Diane Abbott: London shouldn’t have another white, middle-aged man as mayor

London doesn't need yet another middle-aged, white man as mayor, Diane Abbott suggested last night, as she called on her party to make her Labour's first black female candidate for City Hall.

The Hackney MP said the city had been led for too long by people who look like her rival, Harrow West MP Gareth Thomas.

"Gareth has said that he knows what leadership looks like," Abbott told a hustings in central London last night.

"And of course what Gareth literally means is that it looks like him.

"And it is a reasonable thing to say, because the leadership in local government in London have looked like him since the days of the London council…

"I am saying to you in the 21st century, in the most international, global city in the world if you want to know what the leader of London looks like, you are looking at me, the next mayor."

Abbott's comments are at odds with her previous insistence that identity should not be the defining factor in the mayoral race.

Following comments earlier this year from Margaret Hodge that Labour should pick an ethnic minority mayoral candidate, the Hackney MP, wrote in the Evening Standard that Hodge was "wrong".

"Her remarks… about the need for London to have a black or minority-ethnic mayor were well meant. But she is wrong," she wrote.

"The most important thing about London’s new mayor will not be skin colour. Probably the most important quality a big-city mayor needs is a willingness to fight for their city."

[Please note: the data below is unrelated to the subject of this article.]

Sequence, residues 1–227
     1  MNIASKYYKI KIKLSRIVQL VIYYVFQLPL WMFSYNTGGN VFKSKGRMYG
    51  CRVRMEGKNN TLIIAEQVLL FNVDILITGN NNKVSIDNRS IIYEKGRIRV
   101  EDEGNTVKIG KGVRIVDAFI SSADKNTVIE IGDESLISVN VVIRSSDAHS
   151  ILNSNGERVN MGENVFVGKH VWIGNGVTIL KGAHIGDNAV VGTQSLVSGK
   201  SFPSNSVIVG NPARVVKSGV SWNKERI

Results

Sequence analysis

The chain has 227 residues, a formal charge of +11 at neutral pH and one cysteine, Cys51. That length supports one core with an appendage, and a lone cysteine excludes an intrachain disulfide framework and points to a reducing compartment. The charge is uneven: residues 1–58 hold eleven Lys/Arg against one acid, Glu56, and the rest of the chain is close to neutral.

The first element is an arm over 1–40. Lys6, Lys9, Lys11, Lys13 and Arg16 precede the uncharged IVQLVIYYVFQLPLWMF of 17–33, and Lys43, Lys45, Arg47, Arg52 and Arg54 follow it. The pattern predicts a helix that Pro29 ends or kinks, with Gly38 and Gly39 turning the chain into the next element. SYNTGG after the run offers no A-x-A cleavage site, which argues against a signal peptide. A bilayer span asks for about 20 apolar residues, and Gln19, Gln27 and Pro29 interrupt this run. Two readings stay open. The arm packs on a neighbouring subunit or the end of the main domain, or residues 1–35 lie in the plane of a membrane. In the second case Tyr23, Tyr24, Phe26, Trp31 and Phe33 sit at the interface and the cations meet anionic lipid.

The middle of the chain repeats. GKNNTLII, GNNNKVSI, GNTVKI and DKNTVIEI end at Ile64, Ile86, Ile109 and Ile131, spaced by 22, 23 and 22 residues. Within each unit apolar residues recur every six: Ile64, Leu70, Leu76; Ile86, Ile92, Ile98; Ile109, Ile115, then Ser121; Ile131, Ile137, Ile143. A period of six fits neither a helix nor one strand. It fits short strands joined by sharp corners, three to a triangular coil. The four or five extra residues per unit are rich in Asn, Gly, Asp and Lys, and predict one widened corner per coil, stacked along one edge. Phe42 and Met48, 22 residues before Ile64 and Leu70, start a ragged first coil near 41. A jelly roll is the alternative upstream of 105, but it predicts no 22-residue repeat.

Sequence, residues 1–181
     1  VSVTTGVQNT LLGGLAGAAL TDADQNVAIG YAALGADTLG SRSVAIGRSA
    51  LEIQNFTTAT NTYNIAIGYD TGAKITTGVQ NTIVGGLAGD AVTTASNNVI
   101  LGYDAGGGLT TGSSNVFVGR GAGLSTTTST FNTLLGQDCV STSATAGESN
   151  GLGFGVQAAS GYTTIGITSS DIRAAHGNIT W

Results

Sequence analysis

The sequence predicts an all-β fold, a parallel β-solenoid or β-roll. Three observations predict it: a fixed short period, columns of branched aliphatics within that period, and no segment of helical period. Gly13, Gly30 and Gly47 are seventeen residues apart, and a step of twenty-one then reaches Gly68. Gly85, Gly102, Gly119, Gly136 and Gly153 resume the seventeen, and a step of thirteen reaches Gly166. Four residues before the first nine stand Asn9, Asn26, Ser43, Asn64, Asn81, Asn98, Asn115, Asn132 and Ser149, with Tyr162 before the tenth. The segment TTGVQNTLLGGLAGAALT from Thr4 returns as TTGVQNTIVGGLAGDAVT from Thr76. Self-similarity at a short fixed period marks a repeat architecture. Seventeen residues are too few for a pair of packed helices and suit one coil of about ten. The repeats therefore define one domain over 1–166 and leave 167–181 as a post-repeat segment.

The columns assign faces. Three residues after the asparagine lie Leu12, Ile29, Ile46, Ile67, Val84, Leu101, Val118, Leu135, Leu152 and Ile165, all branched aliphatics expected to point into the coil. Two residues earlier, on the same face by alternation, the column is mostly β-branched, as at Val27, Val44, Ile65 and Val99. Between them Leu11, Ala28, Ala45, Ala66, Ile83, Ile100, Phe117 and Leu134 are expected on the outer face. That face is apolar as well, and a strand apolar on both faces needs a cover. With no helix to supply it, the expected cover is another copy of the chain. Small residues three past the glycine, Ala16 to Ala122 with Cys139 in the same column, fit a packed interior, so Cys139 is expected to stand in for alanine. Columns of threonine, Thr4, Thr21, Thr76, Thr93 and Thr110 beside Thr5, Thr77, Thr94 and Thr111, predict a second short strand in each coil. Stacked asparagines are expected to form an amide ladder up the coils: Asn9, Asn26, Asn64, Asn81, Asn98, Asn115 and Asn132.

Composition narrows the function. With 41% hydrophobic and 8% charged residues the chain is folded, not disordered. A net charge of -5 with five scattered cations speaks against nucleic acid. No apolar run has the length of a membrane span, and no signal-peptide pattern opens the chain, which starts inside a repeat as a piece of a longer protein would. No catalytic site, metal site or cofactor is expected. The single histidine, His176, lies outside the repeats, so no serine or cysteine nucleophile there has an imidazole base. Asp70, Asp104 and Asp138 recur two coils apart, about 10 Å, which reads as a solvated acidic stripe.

Labour's Gareth Thomas addresses a mayoral hustings at the University of Westminster

Abbott's latest comments came during a mayoral hustings on the future of London housing.

Abbott told the Labour Housing Group, that many ethnic minority Londoners were being forced out of the centre of the city due to the demolition and regeneration of former council estates.

"The problem is not just social cleansing, but often you find a different demographic, dare I say it racial mix on the estate once the developers have finished their work."

She suggested she would alter the mayor's London Plan to ensure new developments have a broader social and ethnic make-up.

Abbott also repeatedly attacked the current frontrunner for the Labour mayoral nomination Tessa Jowell, for her record on Olympic housing

Jowell, who has made her role in bidding for and delivering the Olympics a major part of her campaign, was accused of failing to ensure enough genuinely affordable housing in the Olympic park. The former Olympics minister claimed that 50% of housing in the East Village section of the site was "affordable"

"I am disputing what Tessa says about the housing development in the Olympic park," Abbott replied.

"The amount of social housing was pitiful. We need to be careful before adopting a candidate who would roll that model out across London."

She was joined by fellow candidate David Lammy, who insisted he didn't "recognise" Jowell's claims about affordable housing in the Olympic park.

Jowell also came under fire after suggesting that homelessness would never be eradicated in London.

The current mayor Boris Johnson originally promised to end rough sleeping in London by 2012, but has instead overseen a rise in numbers.

"I know from a lifetime of experience, you will never, ever get to the position where there are no people sleeping on the streets of our city," Jowell said.

Her comments were met with cries of "shame" and "we will," from the audience.

"No you won't," she insisted. "You've got to tackle the root causes."

Jowell's other mayoral rival, Christian Wolmar, accused her of being "too negative" on the issue.